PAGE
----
1. Must be so frustrating to be dripping water on that stone all the time, hopeing at some point you’ll wear it away! Cycling, even in aware councils, seems to often be a piecemeal affair. At least here cycling/ walking provision seems to part of planning consent for new build so that helps.

    1. I’m glad to hear it’s part of planning consent in your region. I’m not sure why that’s not the case here. Maybe it’s because of the control the oil industry has here, as suggested in another comment.

  2. That’s very depressing 😦 On the plus side, I was in Edinburgh last week and I read in The Scotsman that there were proposals to pedestrianise the centre. This would be great – I hired a bike to go out to the Pentlands but getting it out of town took a while due to poor road marking and too much traffic and pedestrians for the space. It made me think of your descriptions of how scary cycling in Aberdeen can be.

    1. I heard about that and think it’s fantastic! I wish it was happening here. They have an “In town without my car” day here but they only close streets that don’t really get through traffic anyway.

  3. I admire you for your efforts to push cyclists as road users on the agenda and I think it’s the only way to go. The reasons for neglecting modern and cycle-friendly concepts are probably lack of awareness, different priorities and plain indifference… I had a similar experience where I live: the city centre actually has several bike paths and even prides itself being part of a long distance bike trail, but when a road a bit outside the centre was redone last month, they kept the old distribution of car lanes. The reasons were apparently not enough funding for developing and implementing a different concept and that it had to be redone fast during the summer holidays. So I will continue blocking one car lane with my bike and trailer when I ride to town…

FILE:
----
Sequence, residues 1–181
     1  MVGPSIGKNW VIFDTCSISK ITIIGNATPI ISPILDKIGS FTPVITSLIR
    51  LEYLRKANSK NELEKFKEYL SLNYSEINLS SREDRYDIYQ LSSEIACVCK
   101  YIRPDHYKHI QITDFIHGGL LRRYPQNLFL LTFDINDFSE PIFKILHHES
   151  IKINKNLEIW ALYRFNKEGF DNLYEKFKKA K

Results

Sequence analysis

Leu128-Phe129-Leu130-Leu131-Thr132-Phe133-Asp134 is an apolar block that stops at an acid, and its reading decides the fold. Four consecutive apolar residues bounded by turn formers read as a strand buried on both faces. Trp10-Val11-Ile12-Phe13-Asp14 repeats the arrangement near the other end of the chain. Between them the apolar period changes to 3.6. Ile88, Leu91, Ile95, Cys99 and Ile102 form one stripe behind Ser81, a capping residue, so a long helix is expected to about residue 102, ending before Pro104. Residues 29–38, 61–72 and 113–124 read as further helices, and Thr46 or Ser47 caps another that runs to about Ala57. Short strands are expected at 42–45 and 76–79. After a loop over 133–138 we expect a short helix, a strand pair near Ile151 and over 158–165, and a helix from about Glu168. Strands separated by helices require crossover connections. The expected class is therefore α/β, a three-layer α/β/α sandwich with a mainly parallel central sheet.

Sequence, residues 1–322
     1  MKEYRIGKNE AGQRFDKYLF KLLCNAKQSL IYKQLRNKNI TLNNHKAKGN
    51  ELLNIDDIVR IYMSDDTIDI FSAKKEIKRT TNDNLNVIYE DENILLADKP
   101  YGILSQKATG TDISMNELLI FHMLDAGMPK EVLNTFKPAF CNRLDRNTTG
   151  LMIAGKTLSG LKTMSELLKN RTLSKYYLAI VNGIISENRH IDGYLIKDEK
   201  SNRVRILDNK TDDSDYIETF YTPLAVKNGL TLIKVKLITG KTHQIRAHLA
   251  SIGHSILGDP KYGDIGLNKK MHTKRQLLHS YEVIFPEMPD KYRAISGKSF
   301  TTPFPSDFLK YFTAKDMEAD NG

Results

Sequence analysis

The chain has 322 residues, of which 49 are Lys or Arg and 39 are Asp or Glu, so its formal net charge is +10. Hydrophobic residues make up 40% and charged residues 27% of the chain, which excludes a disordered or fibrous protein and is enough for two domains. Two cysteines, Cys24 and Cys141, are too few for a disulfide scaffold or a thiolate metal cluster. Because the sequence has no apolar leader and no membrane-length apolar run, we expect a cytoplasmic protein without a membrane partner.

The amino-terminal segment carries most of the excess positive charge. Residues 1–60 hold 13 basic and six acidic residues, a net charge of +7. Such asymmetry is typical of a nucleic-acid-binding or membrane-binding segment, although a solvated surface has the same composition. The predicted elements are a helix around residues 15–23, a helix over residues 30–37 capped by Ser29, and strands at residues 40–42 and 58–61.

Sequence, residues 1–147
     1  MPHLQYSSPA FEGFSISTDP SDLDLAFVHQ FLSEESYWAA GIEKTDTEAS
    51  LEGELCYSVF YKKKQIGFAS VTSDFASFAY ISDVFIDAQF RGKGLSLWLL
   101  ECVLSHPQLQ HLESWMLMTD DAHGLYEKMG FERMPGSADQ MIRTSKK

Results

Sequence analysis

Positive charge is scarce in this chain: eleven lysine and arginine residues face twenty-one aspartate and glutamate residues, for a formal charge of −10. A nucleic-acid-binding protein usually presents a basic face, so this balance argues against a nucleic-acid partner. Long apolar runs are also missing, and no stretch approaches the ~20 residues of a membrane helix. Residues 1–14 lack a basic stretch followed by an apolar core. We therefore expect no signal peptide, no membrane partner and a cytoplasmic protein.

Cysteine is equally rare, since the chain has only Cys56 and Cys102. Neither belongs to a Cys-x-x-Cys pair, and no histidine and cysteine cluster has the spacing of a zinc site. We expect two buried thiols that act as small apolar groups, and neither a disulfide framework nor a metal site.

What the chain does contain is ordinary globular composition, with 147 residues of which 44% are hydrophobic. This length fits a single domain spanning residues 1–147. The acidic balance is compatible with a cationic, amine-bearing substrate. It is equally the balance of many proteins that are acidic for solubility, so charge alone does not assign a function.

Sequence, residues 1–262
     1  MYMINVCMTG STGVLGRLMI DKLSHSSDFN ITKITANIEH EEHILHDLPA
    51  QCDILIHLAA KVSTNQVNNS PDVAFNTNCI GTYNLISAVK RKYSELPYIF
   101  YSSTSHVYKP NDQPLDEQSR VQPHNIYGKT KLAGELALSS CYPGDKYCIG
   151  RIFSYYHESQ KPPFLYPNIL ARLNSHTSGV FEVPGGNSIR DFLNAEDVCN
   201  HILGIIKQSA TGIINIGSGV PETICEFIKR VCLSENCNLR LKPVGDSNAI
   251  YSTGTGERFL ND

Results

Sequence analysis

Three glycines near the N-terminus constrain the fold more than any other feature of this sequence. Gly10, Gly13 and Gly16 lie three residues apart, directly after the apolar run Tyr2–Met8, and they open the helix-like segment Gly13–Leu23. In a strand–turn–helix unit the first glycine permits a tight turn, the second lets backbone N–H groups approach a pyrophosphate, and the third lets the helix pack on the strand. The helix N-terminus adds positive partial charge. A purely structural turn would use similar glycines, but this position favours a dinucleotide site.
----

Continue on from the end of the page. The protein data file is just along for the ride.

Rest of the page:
4. Your post about the ring road event reminds me of a cycle ride that made me re-think of where to ride in UK…I was working at Addenbrookes Hospital near Cambridge and thought a bike ride after work would be a great way to ‘de-compress’…Going through the tree-lined lanes of Cambridge was most pleasant, and I felt like there was more to explore…er, perhaps the road I took towards the large Sainsbury was and the ring route to the airport was not the best choice! It was getting dark too, and a few lorries were lumbering rather too close to my liking…I decided in future to closely consider the map before I decided which was a more bike friendly rd…and that was in 1995! In our city, Whanganui, a road is being built with cyclists in mind as part of the cycle trail of NZ. People are complaining that there are less parking spaces, which can make it a challenge for people who are less mobile, and bike travel isnt an option. I decided to give cycling a bit of a break when I was about 24 weeks pregnant as my centre of balance changed. Alas town planners are not always open to the cycle friendly strategies that are do-able. It could be money related…Its possible that taking cyclists off a road is also reducing the risk of legal culpability of such planners, as too many drivers are distracted and don’t ‘see’ cyclists. I am encouraging my daughter to bike more frequently, and often remind her that she needs to be aware of cars parked by the side of the road and drivers doors, or that one needs to look backwards before heading towards a turn…